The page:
TOWING SPEED AND DISTANCE
SCENARIO 1 – EMERGENCY STOP ON A LEVEL STRETCH OF TARRED ROAD
Gently applying brakes intermittently and gearing down carefully must surely be the safest way to bring a towing combination to a halt. It prevents the caravan from jack-knifing. However, when a kudu suddenly appears out of the blue or if that lorry that has just overtaken you loses its load, there’s nothing you can do but hit the brakes.
6s 4,7 s Start braking Start braking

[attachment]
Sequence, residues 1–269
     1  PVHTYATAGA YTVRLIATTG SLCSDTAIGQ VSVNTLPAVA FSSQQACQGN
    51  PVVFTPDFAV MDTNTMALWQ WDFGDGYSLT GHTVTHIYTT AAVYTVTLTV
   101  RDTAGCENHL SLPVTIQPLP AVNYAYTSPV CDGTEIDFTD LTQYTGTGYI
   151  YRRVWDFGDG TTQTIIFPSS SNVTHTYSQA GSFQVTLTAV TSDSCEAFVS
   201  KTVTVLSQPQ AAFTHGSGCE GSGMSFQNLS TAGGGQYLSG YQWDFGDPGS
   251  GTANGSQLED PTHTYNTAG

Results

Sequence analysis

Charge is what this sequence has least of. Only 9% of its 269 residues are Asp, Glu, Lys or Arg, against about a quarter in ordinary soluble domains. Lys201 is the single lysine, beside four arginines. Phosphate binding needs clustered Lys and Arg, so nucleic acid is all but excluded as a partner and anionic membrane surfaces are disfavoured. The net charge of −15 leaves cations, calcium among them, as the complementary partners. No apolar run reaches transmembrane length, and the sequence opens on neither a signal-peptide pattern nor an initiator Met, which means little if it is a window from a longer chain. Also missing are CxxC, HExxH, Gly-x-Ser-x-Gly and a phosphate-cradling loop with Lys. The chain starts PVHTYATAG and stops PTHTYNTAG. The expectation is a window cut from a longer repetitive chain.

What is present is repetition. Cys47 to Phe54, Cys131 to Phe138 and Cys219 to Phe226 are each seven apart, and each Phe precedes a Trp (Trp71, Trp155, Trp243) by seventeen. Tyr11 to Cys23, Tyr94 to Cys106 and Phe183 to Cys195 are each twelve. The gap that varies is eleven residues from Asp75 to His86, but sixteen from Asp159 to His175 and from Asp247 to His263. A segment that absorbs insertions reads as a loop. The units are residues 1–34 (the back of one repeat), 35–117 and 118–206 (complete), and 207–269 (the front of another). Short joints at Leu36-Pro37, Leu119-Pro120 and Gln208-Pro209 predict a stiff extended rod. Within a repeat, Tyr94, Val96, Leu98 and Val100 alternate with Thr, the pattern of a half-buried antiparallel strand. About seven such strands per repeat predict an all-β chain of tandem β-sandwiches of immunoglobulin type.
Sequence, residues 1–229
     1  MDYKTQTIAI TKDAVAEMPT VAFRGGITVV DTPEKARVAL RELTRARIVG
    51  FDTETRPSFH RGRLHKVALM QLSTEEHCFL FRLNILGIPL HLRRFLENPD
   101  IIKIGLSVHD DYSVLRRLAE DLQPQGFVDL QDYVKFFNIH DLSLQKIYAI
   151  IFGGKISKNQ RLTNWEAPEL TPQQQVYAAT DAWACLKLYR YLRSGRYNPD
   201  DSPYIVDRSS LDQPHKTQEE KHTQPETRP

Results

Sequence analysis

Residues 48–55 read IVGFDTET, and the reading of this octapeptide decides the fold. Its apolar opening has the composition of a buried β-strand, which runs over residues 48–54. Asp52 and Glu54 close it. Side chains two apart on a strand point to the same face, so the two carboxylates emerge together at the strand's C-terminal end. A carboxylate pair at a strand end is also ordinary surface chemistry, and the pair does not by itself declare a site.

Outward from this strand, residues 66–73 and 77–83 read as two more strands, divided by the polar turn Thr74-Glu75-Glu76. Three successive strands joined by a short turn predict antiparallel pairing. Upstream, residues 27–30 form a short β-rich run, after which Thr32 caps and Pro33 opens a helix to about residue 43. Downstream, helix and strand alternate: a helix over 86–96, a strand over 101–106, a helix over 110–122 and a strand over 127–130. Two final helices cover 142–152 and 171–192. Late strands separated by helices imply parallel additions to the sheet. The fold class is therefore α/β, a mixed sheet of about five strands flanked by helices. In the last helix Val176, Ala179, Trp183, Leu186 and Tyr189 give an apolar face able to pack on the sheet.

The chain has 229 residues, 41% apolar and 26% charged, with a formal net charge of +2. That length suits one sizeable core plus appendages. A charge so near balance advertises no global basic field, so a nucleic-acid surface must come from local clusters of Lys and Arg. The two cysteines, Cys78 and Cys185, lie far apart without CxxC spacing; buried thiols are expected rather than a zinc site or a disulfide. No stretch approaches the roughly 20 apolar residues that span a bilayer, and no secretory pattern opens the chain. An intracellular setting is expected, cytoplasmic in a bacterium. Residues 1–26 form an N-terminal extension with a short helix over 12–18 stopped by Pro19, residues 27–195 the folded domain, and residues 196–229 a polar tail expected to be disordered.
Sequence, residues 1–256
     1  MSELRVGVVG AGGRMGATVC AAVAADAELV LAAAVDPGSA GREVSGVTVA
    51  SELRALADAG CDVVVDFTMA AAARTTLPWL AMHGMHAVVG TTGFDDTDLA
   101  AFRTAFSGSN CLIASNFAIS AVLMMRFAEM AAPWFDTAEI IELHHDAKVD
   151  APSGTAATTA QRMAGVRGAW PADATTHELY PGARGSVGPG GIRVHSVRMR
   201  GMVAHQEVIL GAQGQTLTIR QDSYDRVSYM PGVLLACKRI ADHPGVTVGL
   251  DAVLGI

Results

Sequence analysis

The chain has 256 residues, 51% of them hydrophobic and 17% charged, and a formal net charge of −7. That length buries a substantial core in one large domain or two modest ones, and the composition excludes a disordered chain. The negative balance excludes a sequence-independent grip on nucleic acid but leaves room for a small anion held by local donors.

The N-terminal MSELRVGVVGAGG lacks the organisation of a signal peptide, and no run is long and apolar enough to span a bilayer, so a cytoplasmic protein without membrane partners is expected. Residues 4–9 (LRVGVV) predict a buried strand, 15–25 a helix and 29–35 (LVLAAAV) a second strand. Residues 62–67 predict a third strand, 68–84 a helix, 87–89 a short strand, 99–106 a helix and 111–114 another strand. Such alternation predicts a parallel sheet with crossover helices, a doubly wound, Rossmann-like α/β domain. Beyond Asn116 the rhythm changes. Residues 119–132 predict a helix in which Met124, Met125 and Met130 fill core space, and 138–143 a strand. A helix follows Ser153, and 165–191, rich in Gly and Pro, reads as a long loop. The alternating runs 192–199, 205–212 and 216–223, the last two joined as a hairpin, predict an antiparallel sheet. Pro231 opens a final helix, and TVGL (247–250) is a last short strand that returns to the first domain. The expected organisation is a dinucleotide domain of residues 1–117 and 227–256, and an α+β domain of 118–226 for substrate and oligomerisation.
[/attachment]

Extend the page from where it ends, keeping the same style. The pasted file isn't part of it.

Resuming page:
120 km/h If the towing combination is moving along on a straight and level road at 120 km/h and you have to stop unexpectedly, it will take 6 seconds (including the 0,8 second reaction time) to come to a complete halt over a distance of 113 m. This implies that the wheels of the bakkie keep rolling and do not start to skid. If the wheels do lose their grip and skid – which can happen if the bakkie doesn’t have an ABS (anti-lock braking system) – it will take 8 seconds and almost 150 m to stop. 90 km/h 68 m If the bakkie towed at 30 km/h less (at 90 km/h), it would still take the driver 4,7 seconds to stop the combination, bit over a considerably shorter distance of about 68 m. And if the the wheels lose their grip, the driver could stop after 6,2 seconds within 90 m.